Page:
No. 1 (Spring)

A Kantian Take on Fallible Principles and Judgments

By: Samuel Kahn - Indiana University/Purdue University, Indianapolis
This article explores Kant's theory of conscience in order to determine whether it is philosophically defensible, focusing on two issues in particular: the blameworthiness of acting contrary to fallible knowledge and the blamelessness of acting according to a fallible judgment. It is argued that that Kant's theory requires neither supplementation nor modification regarding agents who fail in their resolution to act subjectively rightly and, hence, act subjectively wrongly but objectively rightly. It is also argued that Kant might be forced to say that an agent is morally blameless for any action performed in accordance with his best judgment but that ...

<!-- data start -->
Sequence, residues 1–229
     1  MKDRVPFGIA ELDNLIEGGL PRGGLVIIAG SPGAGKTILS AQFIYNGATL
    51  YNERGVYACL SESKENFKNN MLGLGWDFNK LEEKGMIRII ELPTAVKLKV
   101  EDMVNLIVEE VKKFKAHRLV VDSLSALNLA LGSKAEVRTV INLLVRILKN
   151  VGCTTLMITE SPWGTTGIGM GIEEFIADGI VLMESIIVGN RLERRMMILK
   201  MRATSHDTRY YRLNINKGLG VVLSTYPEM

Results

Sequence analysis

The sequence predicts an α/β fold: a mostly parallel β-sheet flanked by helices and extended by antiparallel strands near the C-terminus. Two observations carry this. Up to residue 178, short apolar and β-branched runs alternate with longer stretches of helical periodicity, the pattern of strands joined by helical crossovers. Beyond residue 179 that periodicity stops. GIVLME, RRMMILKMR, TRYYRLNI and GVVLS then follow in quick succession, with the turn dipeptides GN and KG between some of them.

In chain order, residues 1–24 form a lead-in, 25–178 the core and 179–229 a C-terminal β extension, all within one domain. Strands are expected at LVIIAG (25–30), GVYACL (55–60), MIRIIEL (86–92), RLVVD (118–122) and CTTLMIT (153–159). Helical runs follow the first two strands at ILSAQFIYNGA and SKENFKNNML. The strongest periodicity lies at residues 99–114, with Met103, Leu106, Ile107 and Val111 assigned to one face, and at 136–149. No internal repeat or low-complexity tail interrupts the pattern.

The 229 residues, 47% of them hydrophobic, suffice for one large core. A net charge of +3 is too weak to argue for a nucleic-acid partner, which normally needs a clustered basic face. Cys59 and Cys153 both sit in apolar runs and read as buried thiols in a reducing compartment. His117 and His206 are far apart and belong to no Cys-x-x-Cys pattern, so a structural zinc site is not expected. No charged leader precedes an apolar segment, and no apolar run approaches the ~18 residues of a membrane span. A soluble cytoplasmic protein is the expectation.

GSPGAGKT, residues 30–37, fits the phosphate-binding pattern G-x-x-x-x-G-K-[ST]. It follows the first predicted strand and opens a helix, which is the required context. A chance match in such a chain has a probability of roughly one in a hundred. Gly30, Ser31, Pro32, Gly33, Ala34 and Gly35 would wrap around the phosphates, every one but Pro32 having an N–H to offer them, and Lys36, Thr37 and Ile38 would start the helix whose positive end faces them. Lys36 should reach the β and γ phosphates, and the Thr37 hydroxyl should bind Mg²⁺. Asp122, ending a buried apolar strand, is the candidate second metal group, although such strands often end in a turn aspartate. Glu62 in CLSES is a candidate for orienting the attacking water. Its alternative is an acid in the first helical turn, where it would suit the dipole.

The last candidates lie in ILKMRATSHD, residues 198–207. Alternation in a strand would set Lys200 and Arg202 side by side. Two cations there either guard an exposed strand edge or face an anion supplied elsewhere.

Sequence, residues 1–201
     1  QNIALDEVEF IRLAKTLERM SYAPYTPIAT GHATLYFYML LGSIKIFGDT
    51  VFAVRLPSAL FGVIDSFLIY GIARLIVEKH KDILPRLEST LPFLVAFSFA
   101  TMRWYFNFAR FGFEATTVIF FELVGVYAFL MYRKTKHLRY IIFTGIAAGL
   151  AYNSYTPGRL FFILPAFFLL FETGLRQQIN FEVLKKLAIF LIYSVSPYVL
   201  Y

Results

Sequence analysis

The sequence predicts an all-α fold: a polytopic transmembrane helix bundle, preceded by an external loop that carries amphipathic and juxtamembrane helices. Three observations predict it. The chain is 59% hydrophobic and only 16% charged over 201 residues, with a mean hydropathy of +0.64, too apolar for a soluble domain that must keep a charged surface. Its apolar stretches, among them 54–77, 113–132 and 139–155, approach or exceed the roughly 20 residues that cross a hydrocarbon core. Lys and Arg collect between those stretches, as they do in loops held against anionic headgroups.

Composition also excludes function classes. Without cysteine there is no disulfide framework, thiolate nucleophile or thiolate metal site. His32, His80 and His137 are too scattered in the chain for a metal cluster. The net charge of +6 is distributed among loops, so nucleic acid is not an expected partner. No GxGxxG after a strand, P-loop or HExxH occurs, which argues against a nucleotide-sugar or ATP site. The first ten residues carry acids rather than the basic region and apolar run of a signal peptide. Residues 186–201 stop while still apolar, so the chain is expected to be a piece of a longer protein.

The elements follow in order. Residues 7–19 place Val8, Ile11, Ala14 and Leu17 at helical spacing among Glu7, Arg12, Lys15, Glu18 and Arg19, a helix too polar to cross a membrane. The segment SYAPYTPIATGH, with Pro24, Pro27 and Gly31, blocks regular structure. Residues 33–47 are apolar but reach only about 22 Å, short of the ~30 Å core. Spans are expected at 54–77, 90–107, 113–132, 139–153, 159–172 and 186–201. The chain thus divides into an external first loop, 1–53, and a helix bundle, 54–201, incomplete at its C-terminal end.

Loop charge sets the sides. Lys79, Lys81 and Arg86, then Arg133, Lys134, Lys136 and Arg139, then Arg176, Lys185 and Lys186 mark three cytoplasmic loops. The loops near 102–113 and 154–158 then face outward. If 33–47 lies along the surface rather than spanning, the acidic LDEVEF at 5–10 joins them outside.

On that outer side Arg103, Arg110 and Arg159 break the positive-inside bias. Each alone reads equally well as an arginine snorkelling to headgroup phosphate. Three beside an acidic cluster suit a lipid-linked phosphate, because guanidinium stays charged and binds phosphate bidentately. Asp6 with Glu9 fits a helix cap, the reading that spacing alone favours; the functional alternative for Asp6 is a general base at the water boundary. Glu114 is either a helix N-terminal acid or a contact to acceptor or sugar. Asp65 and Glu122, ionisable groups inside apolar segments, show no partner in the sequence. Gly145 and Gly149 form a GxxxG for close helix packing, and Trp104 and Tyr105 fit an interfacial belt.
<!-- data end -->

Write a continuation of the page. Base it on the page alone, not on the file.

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Why We Aren’t and Couldn’t Be Brains in Vats

By: Patrick Laine - University of Minnesota
This article argues that skeptical scenarios aimed at doubting the existence of the external world presuppose the view that the mind is not embodied and embedded in the world. By questioning this view, the article aims to undermine such external-world skepticism and point toward the possibility of understanding the mind as inherently connected to the world. ...
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